Perseids meteor shower 2017 - when and where to watch it
The Perseids Meteor Shower as seen from Zhejiang Province in China.(Picture: Getty)

Stargazers will be able to get their first glimpse of the Perseids Meteor Shower tonight as the annual celestial event begins.

A handful of meteors will stream across the sky tonight as the annual event which takes place between July 17 and August 24 begins.

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The showers will grow in frequency from around five meteors per hour to 80 on the peak day of August 12.

But unlike last year, the meteors will be more difficult to pick out on a busy day because they will pass in front of a three-quarters full moon.

The Perseids are considered the ‘best and most reliable meteor showers of the year’.

Showers light up the sky every year as the Earth passes through a trail of debris from the Comet Swift-Tuttle.

Meteors, streak past stars in the night sky near Amman, in the early hours of August 12, 2004. The Perseid meteor shower is sparked every August when the Earth passes through a stream of space debris left by Comet Swift-Tuttle, and was clearly visible to the naked eye in several parts of the Middle East and Asia. REUTERS/Ali Jarekji
Meteors, streak past stars in the night sky near Amman(Picture: Reuters)
The Perseid Meteor Shower seen over Ladram Bay, Devon. The meteor shpwer is one of the most spectacular shows of the year, with meteors being seen from the 17 July through to the 24 August. The peak of the display is between the 9 ñ 13 August, when there will be between 80 and 100 meteors per hour, unfortunately at the peak this year a bright moon will make viewing difficult. The meteors are the debris from the Comet Swift-Tuttle, the radiant of the display is constellation of Perseus.
(Picture: SWNS)

The meteors themselves are pieces of this comet heating up as they enter Earth’s atmosphere.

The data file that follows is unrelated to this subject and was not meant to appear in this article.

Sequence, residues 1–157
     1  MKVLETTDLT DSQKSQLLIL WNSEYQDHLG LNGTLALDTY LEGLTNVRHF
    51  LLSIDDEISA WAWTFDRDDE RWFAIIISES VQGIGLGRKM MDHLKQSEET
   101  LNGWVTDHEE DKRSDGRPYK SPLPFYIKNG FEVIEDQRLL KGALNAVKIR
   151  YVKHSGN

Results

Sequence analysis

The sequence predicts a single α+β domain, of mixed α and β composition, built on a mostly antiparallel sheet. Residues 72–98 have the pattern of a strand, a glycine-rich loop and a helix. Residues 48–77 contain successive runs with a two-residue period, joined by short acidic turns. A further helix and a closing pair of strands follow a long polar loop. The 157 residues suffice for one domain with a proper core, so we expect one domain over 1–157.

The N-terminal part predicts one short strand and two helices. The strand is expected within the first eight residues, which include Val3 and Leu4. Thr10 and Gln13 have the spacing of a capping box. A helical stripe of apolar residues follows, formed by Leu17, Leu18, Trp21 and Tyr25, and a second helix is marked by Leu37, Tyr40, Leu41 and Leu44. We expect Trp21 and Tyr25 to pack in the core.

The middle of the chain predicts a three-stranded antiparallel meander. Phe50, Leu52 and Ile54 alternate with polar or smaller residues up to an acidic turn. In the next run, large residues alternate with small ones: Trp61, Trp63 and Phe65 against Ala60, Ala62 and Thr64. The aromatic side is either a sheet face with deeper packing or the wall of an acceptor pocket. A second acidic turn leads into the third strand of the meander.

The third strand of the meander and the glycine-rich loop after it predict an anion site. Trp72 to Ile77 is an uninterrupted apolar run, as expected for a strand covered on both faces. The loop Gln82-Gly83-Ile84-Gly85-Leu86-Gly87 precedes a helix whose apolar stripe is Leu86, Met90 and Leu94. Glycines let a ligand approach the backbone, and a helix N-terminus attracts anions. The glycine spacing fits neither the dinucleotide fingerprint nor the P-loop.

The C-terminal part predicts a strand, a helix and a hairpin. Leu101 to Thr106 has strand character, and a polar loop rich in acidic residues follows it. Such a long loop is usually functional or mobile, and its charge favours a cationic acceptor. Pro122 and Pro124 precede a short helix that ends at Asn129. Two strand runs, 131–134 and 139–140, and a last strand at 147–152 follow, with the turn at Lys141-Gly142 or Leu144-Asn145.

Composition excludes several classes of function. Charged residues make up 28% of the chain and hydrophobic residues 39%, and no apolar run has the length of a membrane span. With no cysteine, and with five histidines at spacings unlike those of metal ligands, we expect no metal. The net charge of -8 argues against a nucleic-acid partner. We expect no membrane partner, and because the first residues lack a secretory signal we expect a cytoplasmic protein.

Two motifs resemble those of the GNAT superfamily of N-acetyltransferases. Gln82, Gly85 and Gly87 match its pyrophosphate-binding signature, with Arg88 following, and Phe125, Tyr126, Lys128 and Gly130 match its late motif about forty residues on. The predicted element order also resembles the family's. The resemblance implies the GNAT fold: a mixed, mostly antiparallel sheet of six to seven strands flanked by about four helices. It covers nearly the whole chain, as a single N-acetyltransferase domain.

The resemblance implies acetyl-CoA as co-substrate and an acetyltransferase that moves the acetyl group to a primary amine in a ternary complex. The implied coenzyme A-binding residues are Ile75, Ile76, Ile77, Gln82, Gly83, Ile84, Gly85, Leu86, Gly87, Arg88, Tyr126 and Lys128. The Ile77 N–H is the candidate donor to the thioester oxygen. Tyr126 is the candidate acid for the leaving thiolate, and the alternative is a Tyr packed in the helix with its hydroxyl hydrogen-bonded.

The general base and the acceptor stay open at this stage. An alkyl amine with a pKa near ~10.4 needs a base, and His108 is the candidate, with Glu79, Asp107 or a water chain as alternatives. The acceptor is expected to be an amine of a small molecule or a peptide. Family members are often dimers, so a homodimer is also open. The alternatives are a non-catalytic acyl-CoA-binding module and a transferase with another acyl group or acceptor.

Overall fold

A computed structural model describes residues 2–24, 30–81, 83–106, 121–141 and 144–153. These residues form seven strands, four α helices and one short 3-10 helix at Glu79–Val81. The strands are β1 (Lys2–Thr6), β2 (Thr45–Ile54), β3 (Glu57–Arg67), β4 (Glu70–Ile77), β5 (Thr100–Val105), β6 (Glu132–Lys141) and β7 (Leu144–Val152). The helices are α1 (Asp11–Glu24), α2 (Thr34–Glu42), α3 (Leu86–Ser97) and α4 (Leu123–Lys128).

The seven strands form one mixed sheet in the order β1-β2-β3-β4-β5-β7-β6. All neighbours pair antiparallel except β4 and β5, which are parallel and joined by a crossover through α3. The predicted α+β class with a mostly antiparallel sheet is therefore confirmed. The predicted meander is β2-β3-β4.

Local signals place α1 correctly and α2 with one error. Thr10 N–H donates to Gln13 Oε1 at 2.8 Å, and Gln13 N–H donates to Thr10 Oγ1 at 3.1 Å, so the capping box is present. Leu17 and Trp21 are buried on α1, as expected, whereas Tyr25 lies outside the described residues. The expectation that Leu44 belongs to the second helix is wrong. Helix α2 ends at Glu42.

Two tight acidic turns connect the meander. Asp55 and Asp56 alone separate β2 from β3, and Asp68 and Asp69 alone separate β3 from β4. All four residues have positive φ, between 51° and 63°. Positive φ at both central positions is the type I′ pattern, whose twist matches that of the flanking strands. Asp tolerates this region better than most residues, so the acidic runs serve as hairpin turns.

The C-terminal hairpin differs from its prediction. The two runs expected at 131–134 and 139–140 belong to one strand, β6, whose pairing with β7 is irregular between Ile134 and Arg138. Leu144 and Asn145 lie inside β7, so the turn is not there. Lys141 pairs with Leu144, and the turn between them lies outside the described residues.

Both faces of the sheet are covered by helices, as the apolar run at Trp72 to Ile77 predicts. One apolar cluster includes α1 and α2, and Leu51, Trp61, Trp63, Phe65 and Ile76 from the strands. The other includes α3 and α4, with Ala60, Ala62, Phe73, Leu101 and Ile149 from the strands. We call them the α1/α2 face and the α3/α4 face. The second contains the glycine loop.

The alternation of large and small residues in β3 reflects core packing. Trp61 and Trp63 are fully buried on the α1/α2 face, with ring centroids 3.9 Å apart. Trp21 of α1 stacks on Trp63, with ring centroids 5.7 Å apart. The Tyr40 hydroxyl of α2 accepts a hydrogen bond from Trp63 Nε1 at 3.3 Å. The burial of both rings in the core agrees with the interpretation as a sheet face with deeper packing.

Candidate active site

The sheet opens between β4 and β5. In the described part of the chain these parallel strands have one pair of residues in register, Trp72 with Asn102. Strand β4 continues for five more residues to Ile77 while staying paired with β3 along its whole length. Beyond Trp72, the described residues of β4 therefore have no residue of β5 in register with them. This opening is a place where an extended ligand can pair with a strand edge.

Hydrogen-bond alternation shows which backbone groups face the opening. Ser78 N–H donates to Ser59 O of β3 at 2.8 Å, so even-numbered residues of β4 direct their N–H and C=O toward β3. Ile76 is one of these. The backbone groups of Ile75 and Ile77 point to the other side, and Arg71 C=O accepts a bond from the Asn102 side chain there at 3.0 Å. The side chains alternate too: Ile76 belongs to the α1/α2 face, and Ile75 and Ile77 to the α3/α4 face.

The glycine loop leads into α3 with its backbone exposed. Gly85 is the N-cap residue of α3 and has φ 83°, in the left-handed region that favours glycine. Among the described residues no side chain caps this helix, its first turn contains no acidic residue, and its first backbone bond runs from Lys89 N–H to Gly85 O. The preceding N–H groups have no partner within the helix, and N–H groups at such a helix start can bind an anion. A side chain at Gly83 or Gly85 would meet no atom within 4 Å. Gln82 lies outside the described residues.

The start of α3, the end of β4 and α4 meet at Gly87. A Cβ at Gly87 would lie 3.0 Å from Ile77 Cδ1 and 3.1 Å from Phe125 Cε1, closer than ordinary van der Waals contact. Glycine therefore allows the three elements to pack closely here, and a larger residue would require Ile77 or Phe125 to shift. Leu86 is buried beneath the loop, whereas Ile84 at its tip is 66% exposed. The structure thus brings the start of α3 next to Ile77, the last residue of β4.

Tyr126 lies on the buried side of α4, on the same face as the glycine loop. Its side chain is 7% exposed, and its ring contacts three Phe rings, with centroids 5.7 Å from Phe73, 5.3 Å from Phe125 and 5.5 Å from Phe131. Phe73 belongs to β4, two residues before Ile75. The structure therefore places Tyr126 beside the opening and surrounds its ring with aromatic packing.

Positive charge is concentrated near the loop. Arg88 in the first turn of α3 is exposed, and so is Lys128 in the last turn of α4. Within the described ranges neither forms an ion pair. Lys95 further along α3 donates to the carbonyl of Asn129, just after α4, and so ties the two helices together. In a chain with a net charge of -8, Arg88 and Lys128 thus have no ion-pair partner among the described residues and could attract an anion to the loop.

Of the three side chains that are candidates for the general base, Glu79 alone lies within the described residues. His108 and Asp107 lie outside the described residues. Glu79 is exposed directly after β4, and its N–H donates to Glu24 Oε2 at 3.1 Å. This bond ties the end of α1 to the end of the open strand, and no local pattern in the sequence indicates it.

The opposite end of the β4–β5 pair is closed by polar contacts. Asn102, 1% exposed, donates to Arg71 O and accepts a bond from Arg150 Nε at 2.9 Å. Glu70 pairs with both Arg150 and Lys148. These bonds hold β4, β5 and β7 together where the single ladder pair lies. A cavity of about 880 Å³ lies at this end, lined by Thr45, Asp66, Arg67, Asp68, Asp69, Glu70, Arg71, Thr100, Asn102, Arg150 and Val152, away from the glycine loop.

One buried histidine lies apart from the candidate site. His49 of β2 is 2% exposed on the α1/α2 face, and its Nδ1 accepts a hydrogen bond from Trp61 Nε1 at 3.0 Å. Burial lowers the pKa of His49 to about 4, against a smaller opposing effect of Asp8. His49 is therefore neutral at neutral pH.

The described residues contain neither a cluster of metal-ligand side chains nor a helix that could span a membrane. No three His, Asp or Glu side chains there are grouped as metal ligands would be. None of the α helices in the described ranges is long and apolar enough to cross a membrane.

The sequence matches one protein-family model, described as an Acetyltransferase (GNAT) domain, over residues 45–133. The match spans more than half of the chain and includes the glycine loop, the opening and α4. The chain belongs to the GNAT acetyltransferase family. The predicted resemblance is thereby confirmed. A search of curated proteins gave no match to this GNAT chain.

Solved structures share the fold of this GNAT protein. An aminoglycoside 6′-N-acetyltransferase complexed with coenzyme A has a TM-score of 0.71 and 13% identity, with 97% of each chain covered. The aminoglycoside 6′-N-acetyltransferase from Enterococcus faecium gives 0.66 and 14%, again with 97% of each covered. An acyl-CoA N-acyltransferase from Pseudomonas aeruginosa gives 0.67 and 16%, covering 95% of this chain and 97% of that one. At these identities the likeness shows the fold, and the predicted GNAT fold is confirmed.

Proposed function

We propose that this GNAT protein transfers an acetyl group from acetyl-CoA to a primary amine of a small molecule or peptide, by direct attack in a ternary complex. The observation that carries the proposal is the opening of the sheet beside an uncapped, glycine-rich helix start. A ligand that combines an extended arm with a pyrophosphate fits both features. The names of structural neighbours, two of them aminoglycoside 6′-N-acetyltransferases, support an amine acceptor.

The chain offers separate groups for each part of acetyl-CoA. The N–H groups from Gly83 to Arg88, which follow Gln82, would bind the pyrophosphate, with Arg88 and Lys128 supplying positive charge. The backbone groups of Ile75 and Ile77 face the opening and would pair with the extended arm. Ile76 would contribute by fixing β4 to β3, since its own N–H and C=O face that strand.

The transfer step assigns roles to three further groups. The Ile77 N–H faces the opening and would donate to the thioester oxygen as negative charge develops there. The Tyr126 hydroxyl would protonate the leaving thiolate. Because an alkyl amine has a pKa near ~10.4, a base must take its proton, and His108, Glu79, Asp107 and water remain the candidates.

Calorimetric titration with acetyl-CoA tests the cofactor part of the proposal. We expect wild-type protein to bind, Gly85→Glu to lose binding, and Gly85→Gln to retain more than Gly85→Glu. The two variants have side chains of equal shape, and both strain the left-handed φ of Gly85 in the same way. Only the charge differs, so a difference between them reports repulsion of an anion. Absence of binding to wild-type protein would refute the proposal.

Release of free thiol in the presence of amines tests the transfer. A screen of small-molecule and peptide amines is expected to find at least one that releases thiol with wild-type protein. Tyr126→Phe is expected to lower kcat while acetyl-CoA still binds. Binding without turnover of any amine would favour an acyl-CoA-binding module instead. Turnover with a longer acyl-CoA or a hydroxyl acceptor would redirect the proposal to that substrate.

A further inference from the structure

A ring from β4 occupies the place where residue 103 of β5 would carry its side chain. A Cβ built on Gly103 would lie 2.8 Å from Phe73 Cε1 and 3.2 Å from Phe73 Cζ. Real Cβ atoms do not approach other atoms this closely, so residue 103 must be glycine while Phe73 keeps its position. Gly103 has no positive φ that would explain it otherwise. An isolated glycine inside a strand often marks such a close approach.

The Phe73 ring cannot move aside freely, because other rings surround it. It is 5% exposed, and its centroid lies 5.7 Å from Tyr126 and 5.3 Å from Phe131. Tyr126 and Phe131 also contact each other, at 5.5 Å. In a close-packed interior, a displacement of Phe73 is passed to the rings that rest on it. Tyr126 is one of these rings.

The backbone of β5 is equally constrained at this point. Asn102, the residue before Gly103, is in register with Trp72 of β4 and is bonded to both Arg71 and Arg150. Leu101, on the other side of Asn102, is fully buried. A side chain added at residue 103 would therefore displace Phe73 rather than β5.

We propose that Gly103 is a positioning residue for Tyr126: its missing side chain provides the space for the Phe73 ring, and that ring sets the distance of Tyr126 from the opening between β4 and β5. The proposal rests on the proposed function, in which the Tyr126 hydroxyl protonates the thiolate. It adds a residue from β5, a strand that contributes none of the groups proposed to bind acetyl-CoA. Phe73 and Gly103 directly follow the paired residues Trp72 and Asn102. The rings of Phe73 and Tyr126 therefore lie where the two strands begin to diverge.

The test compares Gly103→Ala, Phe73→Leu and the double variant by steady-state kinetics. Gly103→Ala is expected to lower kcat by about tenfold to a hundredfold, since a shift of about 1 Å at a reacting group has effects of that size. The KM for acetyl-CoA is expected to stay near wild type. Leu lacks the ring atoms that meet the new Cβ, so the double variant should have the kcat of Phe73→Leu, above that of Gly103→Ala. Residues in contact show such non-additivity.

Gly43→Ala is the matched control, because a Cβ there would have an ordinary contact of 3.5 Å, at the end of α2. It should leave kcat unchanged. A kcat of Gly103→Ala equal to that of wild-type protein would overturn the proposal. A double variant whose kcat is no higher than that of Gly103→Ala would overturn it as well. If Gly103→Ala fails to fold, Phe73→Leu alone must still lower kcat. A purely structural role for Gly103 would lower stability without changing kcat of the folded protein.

The meteors derive their name as they appear to streak away from the Perseus constellation – hence Perseids.

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They’re bits of ice and dust, which can be as small as a grain of sand or as big as a pea.

They hit the Earth’s atmosphere at a whopping speed of 134,000 mph, but don’t pose any danger to us on Earth.

How to see them

The Perseid Meteor Shower seen over Bigbury on Sea Devon. The meteor shpwer is one of the most spectacular shows of the year, with meteors being seen from the 17 July through to the 24 August. The peak of the display is between the 9 ñ 13 August, when there will be between 80 and 100 meteors per hour, unfortunately at the peak this year a bright moon will make viewing difficult. The meteors are the debris from the Comet Swift-Tuttle, the radiant of the display is constellation of Perseus.
The Perseid Meteor Shower seen over Bigbury on Sea Devon (Picture: SWNS)

Unlike some other cosmic events, spectators don’t need special technology to watch the Perseids unfold.

It’s best to find a wide open space away from tall buildings or trees, and with as little light as possible. The more of the sky you can see, the better.

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